Credit card processing fees can be a touchy subject to say the least, so this article is made in hopes of shedding a little light on a common problem: Explanations of those various fees on your merchant account statement. While this will only tackle interchange fees, understanding fees is vitally important, and there are several more resources on this site that explain credit card processing fees.
If you’re already somewhat familiar with what’s going on, we can jump right to an explanation of those interchange fees, specifically.
Interchange fees are funny in that they can vary wildly depending on a few different situations, so a simple explanation of what the term interchange fee means doesn’t exactly suffice.
First off, what is an interchange fee?
Interchange is the term used in the payment industry to describe any base cost associated with accepting a credit card transaction.
To determine where the base cost even lies, it’s good to take a slight step back at the big picture of credit card processing. In payment processing, there are three major players dividing up funds after you pay for a transaction.
The card issuer (like a bank), which takes an interchange fee, a set cost.
The card provider (like Visa or MasterCard), which takes an assessment fee, another set cost (but much smaller, comparatively).
The payment processor (which can be a bank or a processing-specific company), which takes a variable markup so it can stay in business.
That’s essentially it.
If we were to look at a graph of how the different credit card processing fees stack up, it might look like this:
Assessment fees always comprise around 0.11% of your credit card sales volume. Markup can vary based on your processor’s discretion, and interchange can vary based on the kinds of credit cards you accept – but, the graph is meant to illustrate the fact that interchange fees usually comprise the majority of your monthly processing fees.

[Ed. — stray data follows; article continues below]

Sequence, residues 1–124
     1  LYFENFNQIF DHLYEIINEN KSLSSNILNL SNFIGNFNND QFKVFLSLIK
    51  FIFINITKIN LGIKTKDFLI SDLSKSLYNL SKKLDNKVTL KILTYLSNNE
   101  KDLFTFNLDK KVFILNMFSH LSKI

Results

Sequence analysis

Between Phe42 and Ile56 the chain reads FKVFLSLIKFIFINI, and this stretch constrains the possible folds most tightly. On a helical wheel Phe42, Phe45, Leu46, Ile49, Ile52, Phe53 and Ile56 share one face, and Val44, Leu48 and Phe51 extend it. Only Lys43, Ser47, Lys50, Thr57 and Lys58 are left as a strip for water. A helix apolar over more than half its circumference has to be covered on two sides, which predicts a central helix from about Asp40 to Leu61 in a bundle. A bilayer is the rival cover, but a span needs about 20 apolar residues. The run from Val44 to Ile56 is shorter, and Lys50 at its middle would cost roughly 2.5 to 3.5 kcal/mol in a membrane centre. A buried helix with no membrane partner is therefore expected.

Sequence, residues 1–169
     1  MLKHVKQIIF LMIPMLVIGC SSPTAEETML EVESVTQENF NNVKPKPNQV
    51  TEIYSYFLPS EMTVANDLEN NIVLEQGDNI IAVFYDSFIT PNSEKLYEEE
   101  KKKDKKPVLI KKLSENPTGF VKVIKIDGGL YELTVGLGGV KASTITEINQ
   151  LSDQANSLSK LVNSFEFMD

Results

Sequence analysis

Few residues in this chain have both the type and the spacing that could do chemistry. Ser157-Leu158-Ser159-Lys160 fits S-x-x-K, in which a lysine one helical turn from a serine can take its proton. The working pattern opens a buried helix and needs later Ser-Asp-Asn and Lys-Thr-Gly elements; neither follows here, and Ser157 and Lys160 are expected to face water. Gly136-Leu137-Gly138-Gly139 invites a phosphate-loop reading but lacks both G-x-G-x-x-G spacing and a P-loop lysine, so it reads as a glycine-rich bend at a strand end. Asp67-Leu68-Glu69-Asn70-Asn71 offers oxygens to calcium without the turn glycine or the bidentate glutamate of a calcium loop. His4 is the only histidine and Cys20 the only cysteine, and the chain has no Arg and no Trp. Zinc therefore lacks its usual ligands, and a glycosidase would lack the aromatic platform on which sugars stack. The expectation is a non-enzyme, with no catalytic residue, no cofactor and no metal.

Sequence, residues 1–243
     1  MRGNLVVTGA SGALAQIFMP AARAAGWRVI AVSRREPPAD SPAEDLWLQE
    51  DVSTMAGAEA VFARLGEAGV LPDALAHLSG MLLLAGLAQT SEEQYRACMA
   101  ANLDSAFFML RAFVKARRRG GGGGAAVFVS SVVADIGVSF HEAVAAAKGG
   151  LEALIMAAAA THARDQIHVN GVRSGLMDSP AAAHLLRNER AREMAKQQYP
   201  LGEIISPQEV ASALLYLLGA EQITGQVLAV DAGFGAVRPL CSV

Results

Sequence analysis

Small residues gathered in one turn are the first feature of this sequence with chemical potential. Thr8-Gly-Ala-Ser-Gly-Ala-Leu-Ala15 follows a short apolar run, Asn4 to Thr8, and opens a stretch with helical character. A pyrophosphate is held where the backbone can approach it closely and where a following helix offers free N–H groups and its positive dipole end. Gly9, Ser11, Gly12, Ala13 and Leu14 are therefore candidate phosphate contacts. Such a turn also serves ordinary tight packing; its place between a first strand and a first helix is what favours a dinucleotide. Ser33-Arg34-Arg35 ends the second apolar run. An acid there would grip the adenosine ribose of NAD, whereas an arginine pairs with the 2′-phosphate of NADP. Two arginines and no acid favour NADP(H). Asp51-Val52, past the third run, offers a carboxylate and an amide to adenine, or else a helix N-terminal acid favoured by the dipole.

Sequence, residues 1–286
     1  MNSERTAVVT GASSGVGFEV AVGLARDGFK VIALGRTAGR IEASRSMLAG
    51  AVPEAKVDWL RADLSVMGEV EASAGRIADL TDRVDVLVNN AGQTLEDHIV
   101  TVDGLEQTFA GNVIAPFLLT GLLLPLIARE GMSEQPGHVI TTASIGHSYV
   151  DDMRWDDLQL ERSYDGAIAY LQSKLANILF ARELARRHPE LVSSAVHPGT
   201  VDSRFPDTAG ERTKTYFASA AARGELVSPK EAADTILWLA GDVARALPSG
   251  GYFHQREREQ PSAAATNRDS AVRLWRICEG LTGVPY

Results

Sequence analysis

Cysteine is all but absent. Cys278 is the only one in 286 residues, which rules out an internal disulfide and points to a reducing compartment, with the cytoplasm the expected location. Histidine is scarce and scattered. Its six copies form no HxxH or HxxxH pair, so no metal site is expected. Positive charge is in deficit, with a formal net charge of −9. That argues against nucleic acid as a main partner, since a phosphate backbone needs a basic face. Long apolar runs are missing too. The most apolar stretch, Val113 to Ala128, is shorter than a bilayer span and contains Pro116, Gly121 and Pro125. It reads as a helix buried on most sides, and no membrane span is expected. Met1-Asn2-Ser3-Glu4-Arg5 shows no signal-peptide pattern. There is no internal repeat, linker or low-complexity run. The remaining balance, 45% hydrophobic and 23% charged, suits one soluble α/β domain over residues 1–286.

So, what makes an interchange fee vary so much?
If you’ve taken a look at a couple of your own credit card processing fees, you might have seen that some of your interchange fees are very small percentages (like 0.05%) and some are much larger, comparatively (like 3.50%). This is because of the subcategories Visa, MasterCard, Discover, and American Express, there are hundreds of different types of credit cards available for use – not just a couple.
Writing an exhaustive list of card types isn’t practical, but, consider this small sample of credit cards available from Visa:
A personal debit card (used by consumers)
A consumer rewards card
A business rewards card
A purchasing card (used by businesses or the government)
A business debit card
Even the costs of these five different credit cards within the Visa subcategory can change depending upon things like:
When the transaction settles. (Did it happen on time, or was it too late and did the cost go up as a result?)
How much information is provided along with the transaction. (Certain business cards and government cards are eligible for lower set costs if more information about the transaction is provided at the point of sale.)
How large the transaction is. (Certain credit cards have lower interchange costs for larger transactions.)
Again, this isn’t an exhaustive list. But, the idea is clear that interchange fees, while set in stone, can still fluctuate wildly depending on certain business circumstances.
Is it possible to lower specific interchange fees?
As a means to lower your total processing fees, yes, it is.
Lowering interchange fees usually requires tweaking certain business procedures or addressing certain subjects with your credit card processor, such as providing extra information to lower your business credit card costs, making sure your batches settle at the right time, or ensuring you receive lower costs for your higher volume transactions.
It’s also possible to lower interchange fees by using credit card processing software, such as: